PARKERSBURG, W.Va. – If you can’t beat ‘em, join ‘em. That’s what the Wood County Board of Education is considering Thursday evening when it comes to a school cell phone policy.

“Our old policy was pretty much a policy that said, ‘No cell phones. No electronic devices,’” according to Wood County Superintendent Patrick Law.

He said teachers and principals soon found out that just wasn’t working.

“We were punishing [students] who were generally pretty good kids, but they just happened to be carrying a cell phone that goes off in class,” explained Law. “It could be as innocent as a phone call from grandma.”

That’s why Law and the board discussed changing the way they looked at electronics in the classroom.

Last spring, they tried a pilot program in the county’s three high schools and one middle school. He said it was what they considered a success. So at Thursday’s board meeting, they’ll vote on expanding that pilot program countywide.

“The new policy allows for their use, allows for students to possess them but not to use them except during designated times of the day, which is generally at lunch time,” said Law.

The other exception is when the principal and teacher agree they can be of use in the classroom when it come to Internet capability or special projects. Law said students respond to this and tend to be more responsible when it comes to their devices and the policy in place.

“It’s recognition on our part that they exist in our world, people are becoming more and more dependent on them and they have great potential for instructional use,” stressed Law.

He said the board of education was on board during the pilot program last school year and believes their vote will be a ringing endorsement to implement the policy in all Wood County schools.

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Comments

  • Alfonso

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  • Poolgirl1218

    Couldn't this opportunity be used to teach some cell phone etiquette? Manners? Technology in the classroom is not something that is going to go away in any form... it won't be long before all hard copy texts will be replaced with online versions... time to crawl out from under our rocks and realize that we are now educating digital natives...

    • Joe

      I would expect the kids parents to teach 'cell phone etiquette', not teachers.

      • Tim

        Joe
        I agree but honestly and it's sad to say teachers for the most part see kids more during the school year than the parents.

  • Wes

    I for one think its a good idea to let the kids have them in a well regulated way. At least at certain times of the day. As a parent for just plain saftey of my child I would want them to carry a cell. Also I would want them to have a cell phone in case I need to get ahold of them. Its faster and at times more practical than to call in to the school office.

  • joey

    here is a thought if these electronic gadgets are so useful, strengthen lessons taught by teachers & all the other accolades these people are singing ,why? are test score & grades so low? just wondering teachers.

  • WVIRGINIAN FOR LIFE

    Let the students use them before school starts within the building, in between classes and lunch. Not during class. Try it. See what happens. It's time to evolve with society and emerging technologies. Geez, enough of the archaic policy making that simply doesn't work!!!

    • Tim

      WV 4 Life
      I like that but that policy only assists students in the social side of cell phones and not the instructional possibilities!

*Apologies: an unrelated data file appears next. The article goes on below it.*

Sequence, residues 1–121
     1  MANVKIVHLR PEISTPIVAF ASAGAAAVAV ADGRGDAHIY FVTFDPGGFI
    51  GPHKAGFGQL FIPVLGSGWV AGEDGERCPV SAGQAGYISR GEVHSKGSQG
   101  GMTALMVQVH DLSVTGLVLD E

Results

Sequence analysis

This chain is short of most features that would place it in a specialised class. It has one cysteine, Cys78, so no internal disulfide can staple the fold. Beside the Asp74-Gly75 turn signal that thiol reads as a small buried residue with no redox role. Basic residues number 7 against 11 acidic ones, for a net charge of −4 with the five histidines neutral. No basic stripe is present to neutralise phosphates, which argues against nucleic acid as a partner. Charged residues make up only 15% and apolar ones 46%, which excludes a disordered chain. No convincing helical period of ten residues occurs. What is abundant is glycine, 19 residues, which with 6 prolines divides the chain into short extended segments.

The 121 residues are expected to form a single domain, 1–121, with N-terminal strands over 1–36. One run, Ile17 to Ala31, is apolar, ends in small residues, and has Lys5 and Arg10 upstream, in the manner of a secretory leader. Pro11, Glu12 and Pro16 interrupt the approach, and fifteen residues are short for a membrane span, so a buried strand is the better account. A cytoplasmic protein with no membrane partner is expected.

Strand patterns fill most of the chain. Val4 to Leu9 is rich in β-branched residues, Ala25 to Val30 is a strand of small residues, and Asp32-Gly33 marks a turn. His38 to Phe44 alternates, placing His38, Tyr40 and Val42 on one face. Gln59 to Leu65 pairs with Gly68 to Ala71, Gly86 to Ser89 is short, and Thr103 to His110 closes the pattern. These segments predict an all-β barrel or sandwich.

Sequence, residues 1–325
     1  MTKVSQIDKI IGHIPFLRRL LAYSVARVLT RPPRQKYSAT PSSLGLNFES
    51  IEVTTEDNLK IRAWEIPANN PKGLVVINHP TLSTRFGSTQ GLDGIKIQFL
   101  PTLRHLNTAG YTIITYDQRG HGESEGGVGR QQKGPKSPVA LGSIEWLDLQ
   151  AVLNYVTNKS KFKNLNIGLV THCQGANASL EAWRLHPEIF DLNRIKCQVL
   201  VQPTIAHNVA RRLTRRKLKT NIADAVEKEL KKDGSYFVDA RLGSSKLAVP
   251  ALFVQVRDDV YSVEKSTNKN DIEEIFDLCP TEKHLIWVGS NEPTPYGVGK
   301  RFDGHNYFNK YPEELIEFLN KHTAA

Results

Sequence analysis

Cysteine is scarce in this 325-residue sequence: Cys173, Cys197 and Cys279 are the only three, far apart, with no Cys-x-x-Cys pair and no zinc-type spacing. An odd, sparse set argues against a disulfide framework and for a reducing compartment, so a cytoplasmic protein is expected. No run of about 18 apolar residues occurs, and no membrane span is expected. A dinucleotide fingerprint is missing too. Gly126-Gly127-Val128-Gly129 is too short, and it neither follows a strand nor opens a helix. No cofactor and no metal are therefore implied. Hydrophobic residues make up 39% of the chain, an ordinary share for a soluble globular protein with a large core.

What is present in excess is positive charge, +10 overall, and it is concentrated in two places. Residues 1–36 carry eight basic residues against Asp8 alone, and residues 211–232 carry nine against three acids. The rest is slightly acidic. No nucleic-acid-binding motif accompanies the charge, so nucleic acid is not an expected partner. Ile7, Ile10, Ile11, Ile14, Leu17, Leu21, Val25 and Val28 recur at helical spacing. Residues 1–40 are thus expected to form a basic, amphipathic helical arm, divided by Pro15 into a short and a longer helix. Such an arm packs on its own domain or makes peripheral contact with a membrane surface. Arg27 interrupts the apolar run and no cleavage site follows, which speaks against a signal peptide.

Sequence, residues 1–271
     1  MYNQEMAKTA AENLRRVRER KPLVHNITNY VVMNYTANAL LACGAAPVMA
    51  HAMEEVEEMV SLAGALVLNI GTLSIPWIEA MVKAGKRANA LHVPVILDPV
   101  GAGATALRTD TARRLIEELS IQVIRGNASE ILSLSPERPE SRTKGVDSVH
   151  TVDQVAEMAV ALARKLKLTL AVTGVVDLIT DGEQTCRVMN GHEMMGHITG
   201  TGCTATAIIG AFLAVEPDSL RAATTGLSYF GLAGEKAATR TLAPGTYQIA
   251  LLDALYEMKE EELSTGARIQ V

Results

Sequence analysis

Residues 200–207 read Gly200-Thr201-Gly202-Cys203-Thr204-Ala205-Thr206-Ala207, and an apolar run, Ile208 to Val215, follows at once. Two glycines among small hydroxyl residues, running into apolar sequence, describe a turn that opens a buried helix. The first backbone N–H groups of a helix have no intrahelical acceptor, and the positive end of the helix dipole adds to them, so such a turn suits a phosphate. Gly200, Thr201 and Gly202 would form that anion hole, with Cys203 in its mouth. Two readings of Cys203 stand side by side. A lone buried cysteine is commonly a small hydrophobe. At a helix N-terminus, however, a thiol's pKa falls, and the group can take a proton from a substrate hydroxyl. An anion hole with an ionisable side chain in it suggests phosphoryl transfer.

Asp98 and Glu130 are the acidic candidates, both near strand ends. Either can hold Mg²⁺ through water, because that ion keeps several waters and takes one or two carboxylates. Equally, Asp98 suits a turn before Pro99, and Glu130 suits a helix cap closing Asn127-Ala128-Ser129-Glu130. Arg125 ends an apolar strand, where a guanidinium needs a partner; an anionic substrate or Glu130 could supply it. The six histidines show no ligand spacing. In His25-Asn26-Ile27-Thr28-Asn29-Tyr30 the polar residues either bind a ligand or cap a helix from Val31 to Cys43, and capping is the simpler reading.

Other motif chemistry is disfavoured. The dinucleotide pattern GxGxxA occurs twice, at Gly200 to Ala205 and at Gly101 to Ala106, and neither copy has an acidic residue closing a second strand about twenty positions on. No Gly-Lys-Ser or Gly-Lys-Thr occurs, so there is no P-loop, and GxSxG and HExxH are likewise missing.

• Nicole

    Honestly folks cell phones are here to stay. What we need to be teaching our children is how to be responsible citizens in response to all of the tools in our world. Why would we limit the ability of a device that could strengthen the lessons taught by teachers and provide Internet access to all students? Using them at an appropriate time or for inappropriate purposes are the punishable offense is. When you restrict something the temptations to have it is stronger. When you give students freedom but place limitations on it, is when you build responsible young adults. Please before you label me uninformed know that I speak as a teacher, parent, and principal who has worked in schools without cell phones and with. Our students understand what is appropriate to do with their phones, to respect the privacy rights and rules of the adult governing the policies, and more importantly basic etiquette. Unfortunately this is more than I can say for most of the adults that I see on their cell phones in line at the grocery store while the poor cashier is trying to ask them a question.

    • Mark

      Just curious, how are the students that cannot afford the cell phones with internet access affected in class? How would this benefit them?

      • Tim

        Mark
        Great question. When students utilize their own personal devices that frees up school equipment for those who don't have PDAS to make 1 on 1 a reality.

        Another solution is partnering or pair and share.

  • Tim

    CELL Phones and all electronic devices are here to stay. They are powerful and if properly managed can assist in the facilitation of learning.

    21st century learning environments can be supplemented by ED'S..
    The infusion of technology can enhance learning.

    The WVDE supports 1 on 1 technology but schools can't afford to provide this nor can they afford to maintain.

    Good to see Wood County moving FORWARD!
    Jefferson HS in the EP piloted the same program using Zones and it was a huge success!!

    • Leo

      Well Tim, it is obvious that you don't teach school! Kids use their phones for two things, to talk to friends and to cheat. A block is a good idea, we aren't allowed to use our phones during class time so a block would be fine. In an emergency such ad Columbine, that many calls boggs down the system so that critical necessary calls cannot get through.